Art auctions have a long history dating back to Imperial Rome. And because they're conducted in public and sales are recorded, they're the most objective monetary appraisal of art work. So said Karl E. Meyers, in his 1979 book, "The Art Museum." But with Donald Trump in the picture, what you get at auctions is a charade.

Under oath

As Michael Cohen testified before the House Committee on Oversight and Reform, at an auction in East Hampton in the summer of 2013, Trump staged a fake bid through a proxy for a portrait of himself painted by William Quigley.

(More about that in a moment). I rush to say that staged offers at auctions aren't all that unheard of. To hear Meyers tell it, art dealers discovered long ago that auctions can be manipulated to jack up prices. The shocker in Trump's bid was that it was covered by money from his charitable organization, the Trump Foundation, now dissolved after a New York State lawsuit showed a violation of the tax exemptions allowed to legitimate charities.

Criminal act

After orchestrating the 2013 sale, Trump tweeted, “Just found out that at a charity auction of celebrity portraits in E. Hampton, my portrait by artist William Quigley topped list at $60K.” Given the elaborate planning that he put into the sale, his words “just found out” add another level to his deceit.

The planning began when he directed Cohen to tap Steve Rahr, reportedly a pharmaceutical billionaire, to bid the $60,000, pony up that amount, and then hand the picture over to Trump, who then reimbursed him with money from his charitable foundation.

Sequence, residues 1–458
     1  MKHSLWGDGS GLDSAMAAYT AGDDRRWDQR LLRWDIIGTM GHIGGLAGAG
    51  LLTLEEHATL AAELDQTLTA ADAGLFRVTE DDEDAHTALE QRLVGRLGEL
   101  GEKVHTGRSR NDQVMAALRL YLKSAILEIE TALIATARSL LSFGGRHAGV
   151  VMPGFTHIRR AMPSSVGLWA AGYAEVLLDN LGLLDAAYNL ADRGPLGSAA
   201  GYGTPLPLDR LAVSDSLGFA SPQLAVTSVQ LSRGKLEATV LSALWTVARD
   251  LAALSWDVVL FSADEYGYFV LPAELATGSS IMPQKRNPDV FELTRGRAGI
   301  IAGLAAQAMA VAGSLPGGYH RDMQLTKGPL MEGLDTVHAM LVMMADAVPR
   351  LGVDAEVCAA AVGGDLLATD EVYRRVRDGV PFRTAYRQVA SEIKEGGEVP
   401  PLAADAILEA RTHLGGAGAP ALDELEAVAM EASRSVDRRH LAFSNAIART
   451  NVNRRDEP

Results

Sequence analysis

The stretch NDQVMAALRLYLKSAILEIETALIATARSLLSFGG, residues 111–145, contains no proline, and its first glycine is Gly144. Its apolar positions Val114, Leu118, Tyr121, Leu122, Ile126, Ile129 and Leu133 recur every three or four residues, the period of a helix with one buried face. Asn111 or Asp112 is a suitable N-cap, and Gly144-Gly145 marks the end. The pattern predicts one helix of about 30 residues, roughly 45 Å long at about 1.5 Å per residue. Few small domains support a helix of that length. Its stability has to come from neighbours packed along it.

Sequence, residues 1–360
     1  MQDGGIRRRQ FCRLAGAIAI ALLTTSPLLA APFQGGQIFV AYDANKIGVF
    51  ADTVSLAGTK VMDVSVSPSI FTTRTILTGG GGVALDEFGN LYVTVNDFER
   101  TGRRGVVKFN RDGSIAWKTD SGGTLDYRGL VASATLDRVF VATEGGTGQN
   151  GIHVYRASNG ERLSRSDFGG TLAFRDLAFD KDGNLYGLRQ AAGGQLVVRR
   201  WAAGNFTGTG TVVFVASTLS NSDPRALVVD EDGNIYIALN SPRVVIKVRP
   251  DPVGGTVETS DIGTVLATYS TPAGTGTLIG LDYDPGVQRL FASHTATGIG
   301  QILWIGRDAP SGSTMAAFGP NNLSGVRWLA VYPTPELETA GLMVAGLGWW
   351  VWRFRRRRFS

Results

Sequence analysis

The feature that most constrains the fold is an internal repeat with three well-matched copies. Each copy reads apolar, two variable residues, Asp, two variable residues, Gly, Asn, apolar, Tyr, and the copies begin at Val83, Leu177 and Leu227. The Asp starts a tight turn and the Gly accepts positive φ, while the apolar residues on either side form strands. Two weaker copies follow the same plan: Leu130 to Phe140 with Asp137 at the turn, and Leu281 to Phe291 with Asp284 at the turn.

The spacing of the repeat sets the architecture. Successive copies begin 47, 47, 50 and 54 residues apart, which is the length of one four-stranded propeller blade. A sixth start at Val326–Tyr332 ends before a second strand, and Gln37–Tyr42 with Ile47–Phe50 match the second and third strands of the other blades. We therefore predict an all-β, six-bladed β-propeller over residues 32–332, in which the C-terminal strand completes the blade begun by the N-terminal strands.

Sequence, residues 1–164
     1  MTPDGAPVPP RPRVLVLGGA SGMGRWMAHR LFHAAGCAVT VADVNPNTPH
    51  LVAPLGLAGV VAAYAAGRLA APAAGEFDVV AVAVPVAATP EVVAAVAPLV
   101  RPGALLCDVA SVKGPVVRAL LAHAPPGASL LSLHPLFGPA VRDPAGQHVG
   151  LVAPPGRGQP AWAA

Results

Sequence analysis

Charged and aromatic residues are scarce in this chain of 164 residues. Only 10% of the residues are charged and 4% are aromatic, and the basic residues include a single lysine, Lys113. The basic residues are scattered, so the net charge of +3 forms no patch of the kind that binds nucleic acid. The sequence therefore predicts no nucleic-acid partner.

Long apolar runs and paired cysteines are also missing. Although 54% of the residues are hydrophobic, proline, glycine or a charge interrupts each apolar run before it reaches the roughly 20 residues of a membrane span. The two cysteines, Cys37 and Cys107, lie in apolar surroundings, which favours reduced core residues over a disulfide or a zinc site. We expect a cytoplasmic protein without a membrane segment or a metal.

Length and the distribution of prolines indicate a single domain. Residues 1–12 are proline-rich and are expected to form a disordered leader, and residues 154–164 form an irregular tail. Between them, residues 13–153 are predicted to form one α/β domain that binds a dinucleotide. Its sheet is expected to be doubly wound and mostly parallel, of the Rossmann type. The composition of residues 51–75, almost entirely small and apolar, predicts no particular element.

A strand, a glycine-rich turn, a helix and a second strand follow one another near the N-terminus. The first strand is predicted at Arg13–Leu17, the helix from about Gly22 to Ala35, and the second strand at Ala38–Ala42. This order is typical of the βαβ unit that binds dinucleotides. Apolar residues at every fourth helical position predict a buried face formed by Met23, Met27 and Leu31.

Plaintive and pitiable

When (if) you get past outrage for Trump's larcenous ways, he comes across as a pitiable figure, particularly if you consider this week's news from the Hill that the portrait of Michelle Obama by Amy Sherald, and one of Barack Obama by Kehinde Wiley, on view at the National Portrait Gallery, have quietly drawn more than one million visitors.

Bad press

Quigley is likewise pitiable because he's now associated with the bad press that comes with his portrait of Trump. Cohen said the painting – a nine-foot likeness with an unsmiling face - hangs in one of his country clubs. The painter deserves better. Those who have posed for him include presidents Bush and Clinton.

He hasn't commented on Trump's phony bid and misuse of alms-giving funds to pay for it. Most likely, though, having seen him do it before, he saw it coming when the portrait went on the auction block.